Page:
The two teams that had a donnybrook in the NFC title game hail from the NFC West, a division where three teams won at least 10 games in 2013, with the Arizona Cardinals cruelly missing out on the playoffs.
It’s also a division that’s home to the champs, and their offseason priority is a guy who’s intent on testing the market. Gulp?
Estimated cap room: $16 million
Draft slot: 32nd
End game: Most years entering the offseason, the defending champ feels like the 11-year-old rich kid who’s having a birthday party. What do you get for the spoiled child who already possesses every material good this Earth has to offer? A yellow megaman, of course.
A year ago the Ravens had finished their salary cap destruction and were about to begin a rebuilding from the remaining ruins. But for the 2014 champions the road ahead now as winter mercifully turns to spring is one of re-tooling and reloading, not rebuilding. That already started when the initial stages of Seattle’s offseason blueprint were set in motion with the releasing of Sidney Rice and Red Bryant, each reaching their inevitable demise. Combined those two moves freed up $18.2 million against the cap in 2014.
So, how will those precious dollars be spent? On Michael Bennett, or on a Michael Bennett-like individual. Bennett’s services were obtained by the shrewd and Jedi influenced Hawks general manager John Schneider last offseason when he was signed to a filthy cheap one-year deal worth $4.8 million. The market for defensive ends had cooled considerably, and for reasons only they could comprehend the Buccaneers let Bennett walk. Looking back now, Schneider is more than happy with that minimal fee for 8.5 sacks, and 1.5 during the playoffs during a championship season. Wear that belt with pride, kid.
Bennett wasn’t franchised because the price attached to a defensive end tag is pretty excruciating. At $12.6 million it would have consumed most of the Seahawks’ cap space, and although re-signing Bennett to a more affordable long-term deal is still a primary goal, Schneider has surely asked himself a simple question. It’s one he’ll continue to ask (hopefully not out loud because only crazy people talk to themselves): is he worth it?
The answer, however painful it may be, is no. Not given the Seahawks’ current depth along the defensive line. Sure, that depth has taken a bit of a gut shot with Bryant gone and now possibly Bennett too, but Chris Clemons, Cliff Avril, and Bruce Irvin (who combined for 14.5 sacks) can compensate for their loss easily.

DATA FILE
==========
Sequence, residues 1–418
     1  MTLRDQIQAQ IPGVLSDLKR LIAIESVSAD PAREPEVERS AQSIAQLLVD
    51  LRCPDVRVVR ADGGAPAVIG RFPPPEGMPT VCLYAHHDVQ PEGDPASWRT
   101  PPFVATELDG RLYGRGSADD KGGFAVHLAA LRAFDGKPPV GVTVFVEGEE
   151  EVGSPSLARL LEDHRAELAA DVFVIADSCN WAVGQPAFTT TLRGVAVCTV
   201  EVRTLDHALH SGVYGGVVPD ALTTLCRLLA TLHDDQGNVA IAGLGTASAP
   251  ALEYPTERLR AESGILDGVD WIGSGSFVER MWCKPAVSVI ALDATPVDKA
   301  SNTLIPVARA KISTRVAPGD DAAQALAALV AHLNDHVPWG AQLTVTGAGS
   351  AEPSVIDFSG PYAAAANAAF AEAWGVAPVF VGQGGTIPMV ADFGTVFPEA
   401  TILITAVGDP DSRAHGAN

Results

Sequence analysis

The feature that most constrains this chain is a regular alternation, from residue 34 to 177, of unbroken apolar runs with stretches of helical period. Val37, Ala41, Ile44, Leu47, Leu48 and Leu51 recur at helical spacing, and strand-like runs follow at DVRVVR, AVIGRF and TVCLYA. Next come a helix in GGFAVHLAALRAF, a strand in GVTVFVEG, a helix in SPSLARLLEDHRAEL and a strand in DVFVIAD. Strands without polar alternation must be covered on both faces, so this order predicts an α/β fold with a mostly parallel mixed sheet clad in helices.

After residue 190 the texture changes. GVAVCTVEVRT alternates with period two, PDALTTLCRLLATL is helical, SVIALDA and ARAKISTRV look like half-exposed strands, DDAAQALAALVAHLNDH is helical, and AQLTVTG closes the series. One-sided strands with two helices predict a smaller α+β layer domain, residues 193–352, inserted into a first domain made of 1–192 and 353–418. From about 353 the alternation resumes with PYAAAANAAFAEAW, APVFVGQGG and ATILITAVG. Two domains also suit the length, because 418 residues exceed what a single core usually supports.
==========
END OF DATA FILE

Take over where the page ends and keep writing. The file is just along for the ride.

Bennett’s ultimate Seahawks fate will determine Schneider’s offseason direction. If he prices himself out of the great northwest, then attention can turn to a low-to moderate cost veteran who will still be effective as a situational pass rusher: Jared Allen. With their depth, Allen is an ideal target.
Golden Tate is the other notable and possible departure. With what he can do after the catch and his open-field speed on crossing routes, he was highly effective in a read-option offense, and Riley Cooper’s five-year deal worth $25 million sets the floor for Tate’s future contract. That’s affordable, but with Doug Baldwin also in need of a contract as an RFA and Bennett a much higher priority, it would be easy to justify walking away from an inflating figure. Tate is essentially the poor man’s Percy Harvin, and Seattle already has the real Percy Harvin.
By default early in the draft Schneider will address the hole left undercovered by free agency, and chase either a wideout (Kelvin Benjamin? Brandin Cooks), or an interior pass rusher to replace Bryant (Louis Nix? RaShede Hageman?).
San Francisco 49ers
Estimated cap room: $10 million
Draft slot: 30th
End game: I know. I know it’s difficult to discuss a 49ers matter that isn’t Jim Harbaugh, but let’s make an honest attempt.
Limited cap room could result in a secondary re-shaping of sorts if Donte Whitner and Tarell Brown find more rotund mountains of cash on the open market, and they most certainly will. If we ignore his illegal hits and attempts to rearrange the bodies of opponents, in
Hitner Whitner we have a hard-hitting safety who’s had at least 70 tackles in each of the past two seasons, and he’s entering his age 29 year. That means teams in need of a safety will likely be purchasing at least three prime years.